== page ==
There is a well-known saying: Confession is good for the soul. What does that mean? How does that apply to the Sacrament of Confession in the Catholic Church?
The meaning of this saying is that people will feel better about themselves if they confess to whatever is nagging them with guilt. Get it off your chest!
Rejecting Guilt Leads to More Suffering
However, guilt is definitely “out” in our current society. Guilt feels bad, but our cultural obsession is to feel good, so we have to ignore guilt. Sadly, the rejection of guilt has led, it seems, to a rejection of responsibility and accountability as well.
Nonetheless, people carry a great deal of guilt. To assuage the guilt, people turn frantically to anything that makes them feel better. Could it be that we are a nation with serious addiction problems—drugs, alcohol, sex, pornography, media—because we are a people who won’t deal with their guilt?
One major source of guilt is abortion. In my blog on post-abortion healing, I address the inevitable crushing guilt and the help that is available to regain peace. https://www.patheos.com/blogs/musingsfromthepew/2021/11/post-abortion-healing-the-need-and-the-response/
The Catholic Church is frequently criticized for laying a guilt trip on its members. You hear jokes in the media about “Catholic guilt.” It’s considered browbeating and another example of stodgy religion.
However, the opposite is true. Guilt is good. It means you have a conscience, and like pain telling your body there is a problem, guilt tells you that you need God, that you need to go to church where we can find mercy and love.
Popes Francis and John Paul II on Confession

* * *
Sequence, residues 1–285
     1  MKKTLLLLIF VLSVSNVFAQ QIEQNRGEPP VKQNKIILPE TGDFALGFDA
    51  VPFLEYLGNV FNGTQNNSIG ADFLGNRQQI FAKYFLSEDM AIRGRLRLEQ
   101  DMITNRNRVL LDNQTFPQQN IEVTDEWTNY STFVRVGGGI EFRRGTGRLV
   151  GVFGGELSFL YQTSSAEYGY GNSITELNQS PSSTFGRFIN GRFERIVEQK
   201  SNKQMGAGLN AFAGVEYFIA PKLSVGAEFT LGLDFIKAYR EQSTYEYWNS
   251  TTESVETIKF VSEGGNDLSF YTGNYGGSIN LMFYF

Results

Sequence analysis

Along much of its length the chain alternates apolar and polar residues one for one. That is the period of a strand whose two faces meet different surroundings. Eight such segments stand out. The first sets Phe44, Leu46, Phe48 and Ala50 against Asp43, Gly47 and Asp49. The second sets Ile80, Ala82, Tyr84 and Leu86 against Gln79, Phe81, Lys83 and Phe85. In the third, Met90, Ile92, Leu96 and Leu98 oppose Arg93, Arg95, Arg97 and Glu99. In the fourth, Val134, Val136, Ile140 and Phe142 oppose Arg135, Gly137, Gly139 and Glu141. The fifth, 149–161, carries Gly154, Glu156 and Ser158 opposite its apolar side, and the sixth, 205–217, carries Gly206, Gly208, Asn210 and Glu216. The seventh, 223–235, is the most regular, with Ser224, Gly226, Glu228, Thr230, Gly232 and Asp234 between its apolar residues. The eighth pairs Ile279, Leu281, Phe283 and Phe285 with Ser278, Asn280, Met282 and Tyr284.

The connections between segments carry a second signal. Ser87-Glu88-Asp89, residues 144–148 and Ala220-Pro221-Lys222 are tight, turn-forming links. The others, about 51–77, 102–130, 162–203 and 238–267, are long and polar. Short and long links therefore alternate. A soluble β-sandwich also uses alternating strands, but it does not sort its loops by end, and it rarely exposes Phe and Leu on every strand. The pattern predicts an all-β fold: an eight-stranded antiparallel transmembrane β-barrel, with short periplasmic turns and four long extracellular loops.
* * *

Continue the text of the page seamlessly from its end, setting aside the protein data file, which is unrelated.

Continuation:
Pope Francis said, “One does not go to confession as chastised people who must humble themselves, but as children who run to receive the Father’s embrace.” https://www.vaticannews.va/en/church/news/2021-09/confession-sacrament-pope-francis-joy-editorial.html
The Church has stood steadfast against the ridicule about guilt and confession knowing they are essential to our spiritual and emotional well-being. We are offered a wonderful healing process for the wounds we have inflicted upon our own souls.
While some people bridle at the thought of admitting their faults to another person, just talking it over with God by yourself doesn’t have the assurance of hearing the priest say, “You are forgiven.” Unless God speaks to you directly, your human self wants to hear the words from a real voice.
Besides, as St. Pope John Paul II saw it, you don’t go to confession to be judged but to be guided. The role of the priest is to help the sinner find a better way to live and to more deeply love God. Above all, confession is a sacrament of mercy.
As St. Pope John Paul II described confession, it is not so much a duty of the faithful, but a right to a more personal encounter with Christ.
In like manner, it is Christ’s right, he said, “to meet each one of us in that key moment in the soul’s life constituted by the moment of conversion and forgiveness.” https://angelusnews.com/faith/st-pope-john-paul-ii-and-the-apostolate-of-confession/
The Remedy for Guilt
You could call confession a close encounter of the divine kind. People who see guilt and punishment in confession are missing the opportunity to be freed from guilt and receive love in exchange.
Leah Libresco Sargeant, the atheist-turned-Catholic writer, said in her October 15 email forum that her conversion enabled her “to release the burden of guilt I had been carrying for so long.”
She noted that Catholics are not more subject to a guilty conscience, they just talk about it more, which helps a person to work it through and acknowledge the need to change.
She found that the sacrament of confession is a response to those times when we fall short, adding that confession gives us a space to be genuinely ashamed and forgiven yet still loved.
The state of sin is when we are closed to God. Like Adam and Eve hiding from God in the Garden of Eden when they realized they had sinned, so we, their descendants, pull away from God in shame. As we all know, though, you can run but you can’t hide, especially from God.
It’s doubly ridiculous to avoid confession because, not only can you not hide anyway, but why would you want to when forgiveness, love, and encouragement await you in the confessional?
Our culture is suffering terribly from the burden of guilt because so many have removed themselves from the treatment that would alleviate the pain and remove its source. The hospital bed is in the confessional. The cure is in the Catholic Church.